Colonized mindsets internalize and operate in scarcity, but historically marginalized people who are liberated make room. As a Chasing Justice community we believe that knowing our stories matter in the journey towards collective flourishing. Our fall series will be sharing our distinct stories because we believe there is enough room for all.
What happens when you don’t actually know who you are?
What occurs in your mind, body, heart, and soul?
There’s profound grief found in living a life absent of fully knowing ourselves and in many ways we’ll spend the rest of our days growing and developing a deep understanding of ourselves but some things we just are and shouldn’t actually have to process through it but colonization changes that.
That’s one of the reasons colonization is so dangerous. It has created several generations of confusion within the identity and worth of many people from the African diaspora (and other continents too).
Identity confusion through slave masters raping young women and having biracial children who didn’t know what to claim, who to be, and how to be it.
Identity loss through wiping out whole tribes of people and creating a conflicted mix of European within the heritage and ancestry of those who were oppressed and enslaved across the Americas.
And worthiness confusion through claiming those of melanin skin tones to be less than human and only being able to exist with a dollar sign stamped on their backs.
I grew up surrounded by Dominicans, Puerto Ricans, and African-Americans in my New York City neighborhood and school but never considered the common ground of the transatlantic slave trade we had until I was twenty years old while traveling across the world. On that trip, an African American woman told me – “You know we’re basically the same right? We were on the same boat and got dropped off at a different location.”
Although what African slaves experienced in the USA versus the Caribbean actually varied greatly – I had a deep sense of shame when she said that statement. I was ashamed that I realized I was Black when I was twenty years old but if you know Dominican communities or have been to the Dominican Republic then you can understand. Colorism is heavy in the Dominican Republic and although most people look like me, we are still often seen as less than, the help, or people that should marry light-skinned people to “arreglar la raza” (fix the race).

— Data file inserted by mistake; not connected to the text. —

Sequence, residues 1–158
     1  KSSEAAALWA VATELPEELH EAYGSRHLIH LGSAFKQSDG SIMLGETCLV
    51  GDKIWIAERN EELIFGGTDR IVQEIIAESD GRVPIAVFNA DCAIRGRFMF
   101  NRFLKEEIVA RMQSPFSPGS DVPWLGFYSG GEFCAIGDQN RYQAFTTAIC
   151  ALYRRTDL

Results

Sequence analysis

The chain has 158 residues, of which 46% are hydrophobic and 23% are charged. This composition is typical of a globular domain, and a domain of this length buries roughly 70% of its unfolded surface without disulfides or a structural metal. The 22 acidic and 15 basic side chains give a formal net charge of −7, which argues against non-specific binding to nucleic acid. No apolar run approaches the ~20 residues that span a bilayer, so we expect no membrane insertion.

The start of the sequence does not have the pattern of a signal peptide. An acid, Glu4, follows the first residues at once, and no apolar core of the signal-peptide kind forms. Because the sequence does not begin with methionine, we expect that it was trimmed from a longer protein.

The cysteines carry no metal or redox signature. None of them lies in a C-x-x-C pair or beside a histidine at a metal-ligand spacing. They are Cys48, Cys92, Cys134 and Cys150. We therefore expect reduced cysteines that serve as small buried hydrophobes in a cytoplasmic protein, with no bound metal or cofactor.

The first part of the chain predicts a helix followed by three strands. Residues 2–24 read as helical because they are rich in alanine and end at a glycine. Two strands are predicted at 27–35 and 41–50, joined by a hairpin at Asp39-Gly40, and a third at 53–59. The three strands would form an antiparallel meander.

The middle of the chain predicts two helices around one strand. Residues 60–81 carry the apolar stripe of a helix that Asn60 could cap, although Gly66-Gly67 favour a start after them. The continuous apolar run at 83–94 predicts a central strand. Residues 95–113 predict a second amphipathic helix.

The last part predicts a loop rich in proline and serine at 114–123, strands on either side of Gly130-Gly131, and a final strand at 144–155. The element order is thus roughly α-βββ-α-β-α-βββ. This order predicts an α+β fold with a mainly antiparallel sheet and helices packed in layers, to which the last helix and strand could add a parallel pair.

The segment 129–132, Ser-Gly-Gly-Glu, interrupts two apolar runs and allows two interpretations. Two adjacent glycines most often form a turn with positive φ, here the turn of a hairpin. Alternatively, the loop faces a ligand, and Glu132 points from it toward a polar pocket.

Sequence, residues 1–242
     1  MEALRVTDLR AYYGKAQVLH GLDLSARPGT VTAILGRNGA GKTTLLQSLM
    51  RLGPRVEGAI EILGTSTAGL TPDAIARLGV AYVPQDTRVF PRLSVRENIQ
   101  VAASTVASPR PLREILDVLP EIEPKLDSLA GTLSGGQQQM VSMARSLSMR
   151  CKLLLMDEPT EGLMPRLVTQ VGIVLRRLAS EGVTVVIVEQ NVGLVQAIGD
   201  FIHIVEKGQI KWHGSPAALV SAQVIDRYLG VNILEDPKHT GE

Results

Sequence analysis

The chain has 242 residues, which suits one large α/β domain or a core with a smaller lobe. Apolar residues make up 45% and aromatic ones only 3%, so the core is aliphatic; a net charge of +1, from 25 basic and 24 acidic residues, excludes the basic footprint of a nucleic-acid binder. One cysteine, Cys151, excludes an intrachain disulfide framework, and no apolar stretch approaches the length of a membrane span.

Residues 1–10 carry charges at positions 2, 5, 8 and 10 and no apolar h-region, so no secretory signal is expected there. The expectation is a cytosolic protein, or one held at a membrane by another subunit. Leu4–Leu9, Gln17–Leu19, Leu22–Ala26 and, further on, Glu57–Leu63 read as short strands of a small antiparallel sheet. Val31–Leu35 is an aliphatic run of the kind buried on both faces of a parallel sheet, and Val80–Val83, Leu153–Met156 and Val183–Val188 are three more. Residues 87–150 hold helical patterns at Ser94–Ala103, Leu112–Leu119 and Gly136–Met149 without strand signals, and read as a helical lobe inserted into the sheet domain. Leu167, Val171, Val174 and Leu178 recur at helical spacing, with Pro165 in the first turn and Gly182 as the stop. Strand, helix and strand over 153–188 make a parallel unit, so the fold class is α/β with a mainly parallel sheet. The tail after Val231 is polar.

I got a hint of my Blackness when I was thirteen years old when I moved to a small town in North Jersey where some would say it was pretty diverse but when it came to Black people, there were few. The school/town’s population was predominantly Korean and everyone else was mainly Colombian, White, Filipino, Chinese, Guatemalan, Dominican, and a few African-Americans. And when I say a few African-Americans, I mean there was 1 in my grade until an African-American girl moved into town when I was in 11th grade. So to everyone, I was the other African-American girl and I tried so hard for years to communicate I wasn’t because well, I wasn’t. But I didn’t know that I could claim my Blackness without claiming I was African-American.
This answers the initial question I started with.
This is what happens when you don’t actually know yourself.
This is how it affects your mind, body, heart, and soul.
It affected my mind as I was deeply confused about my cultural and racial identity.
It affected my body as I was fetishized in High School and my body/skin tone stood out in a way I didn’t want it to.
It affected my heart because my self-love was at an all-time low.
And it affected my soul because I was so lost searching for my identity that I missed the fact that I could and would find it in Christ.
I lived on the defensive for 5 years while living in that small town in North Jersey and felt a battle of my identity so badly while I was there that the day after graduation I never went back. I returned to NYC.
To what was comfortable.
To where there were more Afro-Latinos (before Afro-Latino was a term we used).
To where I was no longer the only one.
Colonization is so evil and disturbing that it can alter what you see in the mirror.
It can convince a person they are something they aren’t.
But God made me Black.
He made me Latina.
He made me a daughter of immigrants.
He made me Dominicana.
He made my hair curly and kinky.
He made my skin brown.
He made my hips thick.
And although I love all of that about myself now – colonization disturbed what I saw in the mirror for years. When we look in the mirror, we should see the truth but colonization disturbs and deters that.
It creates ideas and images in our head that are invalid, unrealistic, and dehumanizing. Colonization promotes a white-washed idea of perfection and goes as far as manipulating people to dehumanize themselves by thinking less of themselves.
But the smoke has faded, the veil has been torn, and I can see clearly now.
Our melanin is God being mindful.
Our curls are God being creative.
Our ancestry is God being intentional and colonization tried it, but once we clean the mirrors – we get to marvel at the magic found in the image-bearing identity we’ve been gifted. Just as it is.
Pricelis Perreaux-Dominguez is an entrepreneur, writer, coach, advocate, creator, Bible teacher, and social worker. Her mission is to celebrate others, point people to Jesus, and live out Biblical justice. She’s a mother and a wife who lives in New York City. Pricelis is the Founder/CEO of Full Collective.
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